Hand-colored, Leilei & Thomas Sauvin
Photography arrived in China as early as the 1840s, fascinating Chinese and international communities as a revolutionary new way of making images. Photography has been a constant catalyst for creative dialogues in China: between modernity and tradition, past and present, and manual and mechanical reproduction. Photography resonated with China’s existing art ecosystem, encouraging a nationalist fervour, shaping popular interests and providing new meanings to China’s past. From its origins in the early 19th century to the present, photography has played a central role in the artistic, cultural, political, social, and economic challenges and changes that shaped modern China.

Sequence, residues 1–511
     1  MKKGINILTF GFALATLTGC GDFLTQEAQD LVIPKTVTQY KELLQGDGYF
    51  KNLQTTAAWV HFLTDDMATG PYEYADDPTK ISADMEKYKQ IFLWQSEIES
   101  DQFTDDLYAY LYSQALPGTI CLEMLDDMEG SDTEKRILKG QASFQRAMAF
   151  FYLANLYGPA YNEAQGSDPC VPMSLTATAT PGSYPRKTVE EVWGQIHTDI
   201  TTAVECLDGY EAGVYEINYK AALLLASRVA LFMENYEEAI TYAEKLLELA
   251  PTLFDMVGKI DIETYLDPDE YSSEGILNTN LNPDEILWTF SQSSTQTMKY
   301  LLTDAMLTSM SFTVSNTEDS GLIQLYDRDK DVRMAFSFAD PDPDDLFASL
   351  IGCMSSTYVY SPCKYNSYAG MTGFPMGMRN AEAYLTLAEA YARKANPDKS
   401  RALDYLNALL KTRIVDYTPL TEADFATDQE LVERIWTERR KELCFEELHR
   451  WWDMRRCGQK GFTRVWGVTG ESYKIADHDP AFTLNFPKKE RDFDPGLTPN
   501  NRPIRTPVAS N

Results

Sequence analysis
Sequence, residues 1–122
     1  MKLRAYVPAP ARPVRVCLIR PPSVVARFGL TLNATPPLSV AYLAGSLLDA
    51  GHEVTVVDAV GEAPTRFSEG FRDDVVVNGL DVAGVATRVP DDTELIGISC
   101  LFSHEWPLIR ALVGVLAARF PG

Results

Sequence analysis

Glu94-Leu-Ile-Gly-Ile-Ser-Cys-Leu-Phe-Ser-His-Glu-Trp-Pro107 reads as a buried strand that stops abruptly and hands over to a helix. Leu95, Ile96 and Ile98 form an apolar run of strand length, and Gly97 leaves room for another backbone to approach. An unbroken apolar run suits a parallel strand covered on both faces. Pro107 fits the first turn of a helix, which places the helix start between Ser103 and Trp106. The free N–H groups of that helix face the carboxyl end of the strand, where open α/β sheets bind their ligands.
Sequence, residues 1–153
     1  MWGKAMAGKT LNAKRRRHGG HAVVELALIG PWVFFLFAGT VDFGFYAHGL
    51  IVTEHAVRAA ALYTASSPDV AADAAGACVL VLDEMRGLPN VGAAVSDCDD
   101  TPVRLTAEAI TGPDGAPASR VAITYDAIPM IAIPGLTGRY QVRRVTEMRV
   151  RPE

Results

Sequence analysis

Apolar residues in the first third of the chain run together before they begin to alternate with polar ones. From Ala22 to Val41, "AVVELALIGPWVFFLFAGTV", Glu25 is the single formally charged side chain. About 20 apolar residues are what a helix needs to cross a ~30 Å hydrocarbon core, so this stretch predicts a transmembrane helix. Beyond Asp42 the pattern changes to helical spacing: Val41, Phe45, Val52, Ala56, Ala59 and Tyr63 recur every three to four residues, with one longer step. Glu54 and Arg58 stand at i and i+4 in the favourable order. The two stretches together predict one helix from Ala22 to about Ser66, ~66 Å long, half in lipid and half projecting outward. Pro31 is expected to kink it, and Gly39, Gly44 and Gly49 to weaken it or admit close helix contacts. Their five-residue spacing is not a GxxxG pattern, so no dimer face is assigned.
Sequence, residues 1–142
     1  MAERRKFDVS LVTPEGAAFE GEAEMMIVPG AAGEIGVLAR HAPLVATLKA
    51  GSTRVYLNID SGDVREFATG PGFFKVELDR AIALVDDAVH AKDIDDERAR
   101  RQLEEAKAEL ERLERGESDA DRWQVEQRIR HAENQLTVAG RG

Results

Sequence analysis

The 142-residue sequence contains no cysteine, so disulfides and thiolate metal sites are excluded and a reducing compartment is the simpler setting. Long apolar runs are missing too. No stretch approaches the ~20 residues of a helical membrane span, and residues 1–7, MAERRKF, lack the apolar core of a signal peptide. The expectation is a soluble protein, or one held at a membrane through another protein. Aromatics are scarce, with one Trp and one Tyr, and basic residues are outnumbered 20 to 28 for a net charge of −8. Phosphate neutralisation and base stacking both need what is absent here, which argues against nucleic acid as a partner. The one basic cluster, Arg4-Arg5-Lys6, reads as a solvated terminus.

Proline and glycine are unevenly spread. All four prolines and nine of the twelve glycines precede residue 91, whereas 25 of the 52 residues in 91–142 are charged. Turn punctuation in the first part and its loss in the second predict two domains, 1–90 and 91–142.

In this course you will be taught by leading international scholars, artists, and curators, allowing you to see this complex cultural phenomenon through multiple lenses. You will explore the changing practices and multiples trajectories that have shaped photography in China, from the advent of the medium in 1839 to contemporary times. How have photographs interacted with local and international cultures? What subjects, topics and themes have photographers been drawn to in the past 182 years? How do historic photographic archives shape contemporary experiments? How is photography from China curated and received today? By bringing together academic specialists, museum professionals and artists, these eight, weekly lectures will explore the role of photography in shaping and reshaping almost two centuries of Chinese visual culture.